HBAA responds to PM’s removal of £30k minimum salary for migrants
Boris Johnson has announced that today (22 January) he will remove the proposed £30,000 minimum salary for migrant workers after Brexit.
In opposition to Theresa May, Johnson aims to follow an Australian style points system. This system would rate individuals who want to move to the UK based on their skills, experience, qualifications, ability to speak English and whether they were willing to work in areas where there are shortages of labour.
Lex Butler, chair, HBAA (pictured below) said: “The Prime Minister’s rethink on the £30,000 minimum salary threshold for migrants is being welcomed by the hospitality and events sector. Otherwise many thousands of highly trained and skilled workers from the EU and the rest of the world would not be able to come to work here.”
Butler continued: “Too often the fact that staff are relatively low paid is immediately equated with low-skilled. In this industry many staff with high levels of responsibility and skill would not pass this test.”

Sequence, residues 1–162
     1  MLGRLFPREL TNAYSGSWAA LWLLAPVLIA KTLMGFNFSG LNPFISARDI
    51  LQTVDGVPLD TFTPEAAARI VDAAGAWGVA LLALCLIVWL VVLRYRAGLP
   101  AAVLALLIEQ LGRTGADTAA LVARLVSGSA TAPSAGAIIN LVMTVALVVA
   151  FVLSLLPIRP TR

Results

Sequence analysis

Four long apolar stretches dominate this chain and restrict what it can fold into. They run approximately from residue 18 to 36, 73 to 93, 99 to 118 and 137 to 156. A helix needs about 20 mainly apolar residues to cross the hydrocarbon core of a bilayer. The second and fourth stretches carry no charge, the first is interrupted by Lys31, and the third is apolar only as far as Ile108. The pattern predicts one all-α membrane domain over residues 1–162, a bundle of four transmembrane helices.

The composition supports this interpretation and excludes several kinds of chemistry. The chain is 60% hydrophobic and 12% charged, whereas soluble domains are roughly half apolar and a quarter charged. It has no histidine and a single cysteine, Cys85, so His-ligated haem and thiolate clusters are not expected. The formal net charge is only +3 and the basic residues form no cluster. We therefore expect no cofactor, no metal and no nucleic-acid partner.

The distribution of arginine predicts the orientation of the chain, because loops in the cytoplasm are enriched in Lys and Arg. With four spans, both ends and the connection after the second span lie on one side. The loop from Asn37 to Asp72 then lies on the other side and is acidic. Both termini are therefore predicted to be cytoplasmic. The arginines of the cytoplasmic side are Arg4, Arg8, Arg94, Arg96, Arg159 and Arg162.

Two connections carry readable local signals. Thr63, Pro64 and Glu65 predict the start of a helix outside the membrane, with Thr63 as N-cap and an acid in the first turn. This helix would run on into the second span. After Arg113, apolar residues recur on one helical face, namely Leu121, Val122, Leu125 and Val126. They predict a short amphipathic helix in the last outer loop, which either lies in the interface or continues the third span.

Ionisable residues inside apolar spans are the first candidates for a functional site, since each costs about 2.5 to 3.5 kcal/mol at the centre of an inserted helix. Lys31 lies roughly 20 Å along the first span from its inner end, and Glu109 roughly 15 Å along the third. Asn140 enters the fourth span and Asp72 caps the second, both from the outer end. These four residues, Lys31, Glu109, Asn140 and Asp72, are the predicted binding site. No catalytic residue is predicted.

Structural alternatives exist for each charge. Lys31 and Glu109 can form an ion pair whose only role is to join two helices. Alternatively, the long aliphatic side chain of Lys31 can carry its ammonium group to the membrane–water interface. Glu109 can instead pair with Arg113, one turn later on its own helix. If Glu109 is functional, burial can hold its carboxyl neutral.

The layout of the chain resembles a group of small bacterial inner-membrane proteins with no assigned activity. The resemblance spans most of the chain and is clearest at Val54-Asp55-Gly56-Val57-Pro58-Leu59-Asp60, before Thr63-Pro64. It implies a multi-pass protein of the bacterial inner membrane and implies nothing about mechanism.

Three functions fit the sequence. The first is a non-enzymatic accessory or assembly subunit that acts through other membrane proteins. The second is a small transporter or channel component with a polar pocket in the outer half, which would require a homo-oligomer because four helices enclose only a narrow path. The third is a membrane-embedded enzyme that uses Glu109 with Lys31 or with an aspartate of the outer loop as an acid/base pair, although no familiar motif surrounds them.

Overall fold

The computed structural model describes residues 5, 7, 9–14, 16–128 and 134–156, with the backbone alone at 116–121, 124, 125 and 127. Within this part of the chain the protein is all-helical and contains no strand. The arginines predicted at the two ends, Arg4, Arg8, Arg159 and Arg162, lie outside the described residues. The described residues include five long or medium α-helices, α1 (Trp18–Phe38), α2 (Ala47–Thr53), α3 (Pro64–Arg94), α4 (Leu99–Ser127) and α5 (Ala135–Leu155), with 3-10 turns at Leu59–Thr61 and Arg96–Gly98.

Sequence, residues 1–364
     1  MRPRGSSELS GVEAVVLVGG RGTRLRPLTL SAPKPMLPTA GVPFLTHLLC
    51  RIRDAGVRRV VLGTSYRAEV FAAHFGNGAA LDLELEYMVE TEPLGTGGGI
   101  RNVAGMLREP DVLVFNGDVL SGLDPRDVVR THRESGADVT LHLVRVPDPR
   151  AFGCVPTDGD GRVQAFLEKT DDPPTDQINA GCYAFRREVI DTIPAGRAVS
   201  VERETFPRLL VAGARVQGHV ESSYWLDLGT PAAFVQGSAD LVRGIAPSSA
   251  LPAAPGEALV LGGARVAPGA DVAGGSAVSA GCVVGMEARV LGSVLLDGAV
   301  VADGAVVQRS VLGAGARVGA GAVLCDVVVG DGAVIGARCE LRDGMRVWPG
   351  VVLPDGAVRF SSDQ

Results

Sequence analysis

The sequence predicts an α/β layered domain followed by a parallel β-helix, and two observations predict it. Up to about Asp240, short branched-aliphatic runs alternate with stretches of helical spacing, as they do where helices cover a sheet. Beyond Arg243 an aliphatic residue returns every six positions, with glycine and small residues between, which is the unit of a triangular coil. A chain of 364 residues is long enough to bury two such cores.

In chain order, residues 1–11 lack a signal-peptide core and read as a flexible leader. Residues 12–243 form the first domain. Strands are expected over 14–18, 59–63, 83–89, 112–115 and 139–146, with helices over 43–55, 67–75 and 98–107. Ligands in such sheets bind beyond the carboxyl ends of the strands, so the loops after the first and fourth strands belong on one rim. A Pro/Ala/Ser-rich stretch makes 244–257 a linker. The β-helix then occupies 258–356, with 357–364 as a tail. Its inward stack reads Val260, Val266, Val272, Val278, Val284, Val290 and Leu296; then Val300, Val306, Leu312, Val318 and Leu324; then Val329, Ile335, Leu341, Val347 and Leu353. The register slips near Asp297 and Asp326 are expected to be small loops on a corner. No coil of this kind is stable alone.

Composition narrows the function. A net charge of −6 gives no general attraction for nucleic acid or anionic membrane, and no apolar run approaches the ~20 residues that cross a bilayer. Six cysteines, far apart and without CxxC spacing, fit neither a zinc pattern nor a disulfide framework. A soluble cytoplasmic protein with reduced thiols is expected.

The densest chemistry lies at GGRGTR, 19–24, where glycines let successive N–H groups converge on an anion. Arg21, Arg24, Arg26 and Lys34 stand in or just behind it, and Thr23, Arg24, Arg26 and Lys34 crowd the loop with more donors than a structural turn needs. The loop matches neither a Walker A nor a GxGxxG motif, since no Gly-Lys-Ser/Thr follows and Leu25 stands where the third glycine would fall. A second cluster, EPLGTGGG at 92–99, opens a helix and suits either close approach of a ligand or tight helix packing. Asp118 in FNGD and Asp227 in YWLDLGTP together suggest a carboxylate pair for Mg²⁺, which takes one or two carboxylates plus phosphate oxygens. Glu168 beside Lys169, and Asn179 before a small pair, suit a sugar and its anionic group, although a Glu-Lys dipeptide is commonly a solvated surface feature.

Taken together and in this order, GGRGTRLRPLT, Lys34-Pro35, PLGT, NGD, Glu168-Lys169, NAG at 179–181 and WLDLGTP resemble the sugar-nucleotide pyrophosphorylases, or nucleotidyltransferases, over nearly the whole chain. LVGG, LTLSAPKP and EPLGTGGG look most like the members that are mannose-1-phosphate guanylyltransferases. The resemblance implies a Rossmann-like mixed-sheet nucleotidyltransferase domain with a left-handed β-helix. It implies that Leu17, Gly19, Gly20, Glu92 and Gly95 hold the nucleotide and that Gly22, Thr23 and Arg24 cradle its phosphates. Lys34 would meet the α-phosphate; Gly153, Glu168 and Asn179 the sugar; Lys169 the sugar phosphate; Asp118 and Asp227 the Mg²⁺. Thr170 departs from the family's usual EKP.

Butler highlighted that HBAA completed a Brexit survey last year and its results showed that “18.7% of HBAA members, who are hotels and conference venues and agencies, said that Brexit has had a major impact on their ability to recruit staff.”
She concluded that: “The industry is working hard to recruit more young people to build careers in this industry but, in the near future, we shall not be able to replace all the migrant workers. Unless this minimum salary barrier is removed, the UK will struggle to maintain its position as a world-class destination for business and leisure tourism.”